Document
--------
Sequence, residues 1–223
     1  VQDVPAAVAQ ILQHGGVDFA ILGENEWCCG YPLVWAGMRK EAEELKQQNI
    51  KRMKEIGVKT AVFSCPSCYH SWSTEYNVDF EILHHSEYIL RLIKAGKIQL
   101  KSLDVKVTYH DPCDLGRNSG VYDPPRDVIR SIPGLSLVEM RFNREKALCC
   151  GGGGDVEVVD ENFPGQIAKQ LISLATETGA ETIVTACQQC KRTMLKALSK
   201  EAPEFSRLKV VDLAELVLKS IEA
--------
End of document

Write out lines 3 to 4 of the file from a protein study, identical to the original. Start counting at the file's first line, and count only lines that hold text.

    51  KRMKEIGVKT AVFSCPSCYH SWSTEYNVDF EILHHSEYIL RLIKAGKIQL
   101  KSLDVKVTYH DPCDLGRNSG VYDPPRDVIR SIPGLSLVEM RFNREKALCC